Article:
Tips for Increasing Email Subscriber Engagement

Increasing subscriber engagement is the hot email marketing topic for 2014. A recent StrongView study reported  “increasing subscriber engagement" as the top email marketing priority for marketers in 2014.  In addition, in the ExactTarget 2014 State of Marketing report, 65% of respondents stated that increasing subscriber engagement and revenue was a top lifecycle marketing challenge. My colleague, Margaret Farmakis, wrote a great blog on "Understanding Engagement" that is a great way to start thinking about, and defining subscriber engagement. So, with that in mind, let's look at some specific ways that email marketers can work to increase email subscriber engagement during the upcoming year.

  1. Improve your targeting and segmentation. Fortunately, the second priority  for email marketers cited in the StrongView study – improving targeting and segmentation – helps with the first priority of increased subscriber engagement. Segments (time on the file, last email engagement, geography, source of email acquisition, etc.) and targeting (past opens and clicks, etc.) can often be based on data already available to you. And once you have some key segments or key elements that can be used to improve your targeting and deliver more relevant content to your subscribers, your subscriber engagement is likely to increase.
  2. Use available data. Increasing subscriber engagement is all about using the various data sources available to you to help you understand your subscribers better. Of course, this is easier said than done given that the top challenge cited in the StrongView study was accessing and leveraging customer data from multiple channels and data sources. Because this can be a huge challenge, start small. Focus on one data source that provides the most value and work to make it happen or go for that quick win and focus on the data that is easiest to access or integrate.
  3. Expand or start a triggered messaging program. Any email that is tied to and automatically sent based on subscriber behavior is more relevant and increases the likelihood a subscriber will engage with the message. Examples of triggered messaging include welcome messages (or better yet, an onboarding email series), abandoned cart and abandoned browse email, anniversary and birthday emails, and emails requesting product feedback/reviews and cross- and up- sell emails. While many of these emails require data integration outside of the email platform, these emails generate higher engagement rates than bulk emails and are worth the effort.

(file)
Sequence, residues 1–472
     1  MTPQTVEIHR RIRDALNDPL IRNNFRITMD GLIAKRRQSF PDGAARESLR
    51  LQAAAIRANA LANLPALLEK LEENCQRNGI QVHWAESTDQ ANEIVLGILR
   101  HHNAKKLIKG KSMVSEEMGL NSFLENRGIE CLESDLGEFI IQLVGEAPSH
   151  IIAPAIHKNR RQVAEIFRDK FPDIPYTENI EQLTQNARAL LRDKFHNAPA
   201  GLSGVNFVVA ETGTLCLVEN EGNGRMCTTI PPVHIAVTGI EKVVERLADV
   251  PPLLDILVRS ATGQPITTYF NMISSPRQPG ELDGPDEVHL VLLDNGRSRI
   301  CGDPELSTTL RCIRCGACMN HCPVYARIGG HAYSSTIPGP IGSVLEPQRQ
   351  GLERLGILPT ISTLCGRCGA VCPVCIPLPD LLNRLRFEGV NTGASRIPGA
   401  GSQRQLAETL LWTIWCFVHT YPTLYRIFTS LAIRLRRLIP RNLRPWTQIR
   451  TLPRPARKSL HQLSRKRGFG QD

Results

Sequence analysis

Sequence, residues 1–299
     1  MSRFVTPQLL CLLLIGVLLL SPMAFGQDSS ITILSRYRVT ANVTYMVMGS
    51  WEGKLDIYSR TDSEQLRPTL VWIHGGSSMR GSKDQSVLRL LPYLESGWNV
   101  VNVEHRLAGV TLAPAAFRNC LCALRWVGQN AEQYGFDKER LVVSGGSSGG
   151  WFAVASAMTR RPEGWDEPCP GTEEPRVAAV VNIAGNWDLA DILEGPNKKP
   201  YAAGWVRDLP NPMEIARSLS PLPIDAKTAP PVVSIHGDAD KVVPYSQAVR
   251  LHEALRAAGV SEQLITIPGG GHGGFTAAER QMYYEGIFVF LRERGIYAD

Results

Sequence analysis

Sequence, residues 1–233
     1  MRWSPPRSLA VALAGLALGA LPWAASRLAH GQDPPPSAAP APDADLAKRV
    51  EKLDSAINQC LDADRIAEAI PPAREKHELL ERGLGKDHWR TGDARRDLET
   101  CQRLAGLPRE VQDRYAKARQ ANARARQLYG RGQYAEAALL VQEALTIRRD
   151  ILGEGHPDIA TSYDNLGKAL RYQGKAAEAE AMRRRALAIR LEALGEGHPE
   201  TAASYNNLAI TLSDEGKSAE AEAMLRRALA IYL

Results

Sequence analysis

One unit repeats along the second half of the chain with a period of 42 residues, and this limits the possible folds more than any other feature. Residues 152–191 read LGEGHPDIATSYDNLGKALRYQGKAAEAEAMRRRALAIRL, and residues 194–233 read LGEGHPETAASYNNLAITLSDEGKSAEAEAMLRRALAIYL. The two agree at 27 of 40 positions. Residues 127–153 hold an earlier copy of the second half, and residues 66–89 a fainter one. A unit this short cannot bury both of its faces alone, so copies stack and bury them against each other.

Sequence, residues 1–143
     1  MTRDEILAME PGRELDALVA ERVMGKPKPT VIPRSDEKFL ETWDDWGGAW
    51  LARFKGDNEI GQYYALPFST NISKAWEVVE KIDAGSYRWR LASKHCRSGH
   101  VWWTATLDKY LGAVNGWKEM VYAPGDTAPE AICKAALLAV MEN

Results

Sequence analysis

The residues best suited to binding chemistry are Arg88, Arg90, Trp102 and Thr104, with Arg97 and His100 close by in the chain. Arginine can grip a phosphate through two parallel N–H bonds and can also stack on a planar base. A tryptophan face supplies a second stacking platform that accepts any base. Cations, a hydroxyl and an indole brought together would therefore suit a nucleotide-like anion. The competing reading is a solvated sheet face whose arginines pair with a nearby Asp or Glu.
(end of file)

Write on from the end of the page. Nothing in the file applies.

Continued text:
4. Identify inactive subscribers. It's inevitable. There will be subscribers on your list that aren't engaging with your email program. And as more Mailbox Providers use subscriber engagement to determine where to filter your email, it becomes even more important to identify inactive subscribers on your file that haven't engaged with your email program for an extended period of time.
  5. Develop a reengagement campaign. Once you have identified inactive subscribers, you'll need to develop a reengagement campaign that is focused on identifying truly inactive subscribers and those that still have a pulse and want to receive emails from your brand. These campaigns can take on a variety of forms such as surveys, special offers, and requests for updating email preferences/frequency. These campaigns need to use more aggressive/creative subject lines and different creative to try and pique the interest of subscribers that have been ignoring your email program for an extended period of time.
  6. Plan for mobile. During the 2013 holiday season, 51% of email opens occurred on a mobile device. If your emails aren't rendering well across all devices, your subscriber engagement is likely to stagnate or decrease. Understand where your audience is reading your email and then determine how your email creative must change to meet the changing email landscape.
  7. Get the right subscribers on the file in the first place. It's easier to sustain and increase subscriber engagement when you are building your email file with the right subscribers. Check out these 18 tips for building an email file that is focused on quality, not quantity.
  8. Monitor your competition. How is your competition engaging their audience? What types of email are they sending and with what frequency? Are your competitors' emails engaging your subscribers better than your own campaigns? With a product like Return Path's Inbox Insight, you can not only see what emails your competition is sending, but how engaging these emails are, and then make adjustments to your own email programs based on what is working and not working) for your competition and other senders.

Here's to a new year filled with engaged subscribers and healthy email program ROI!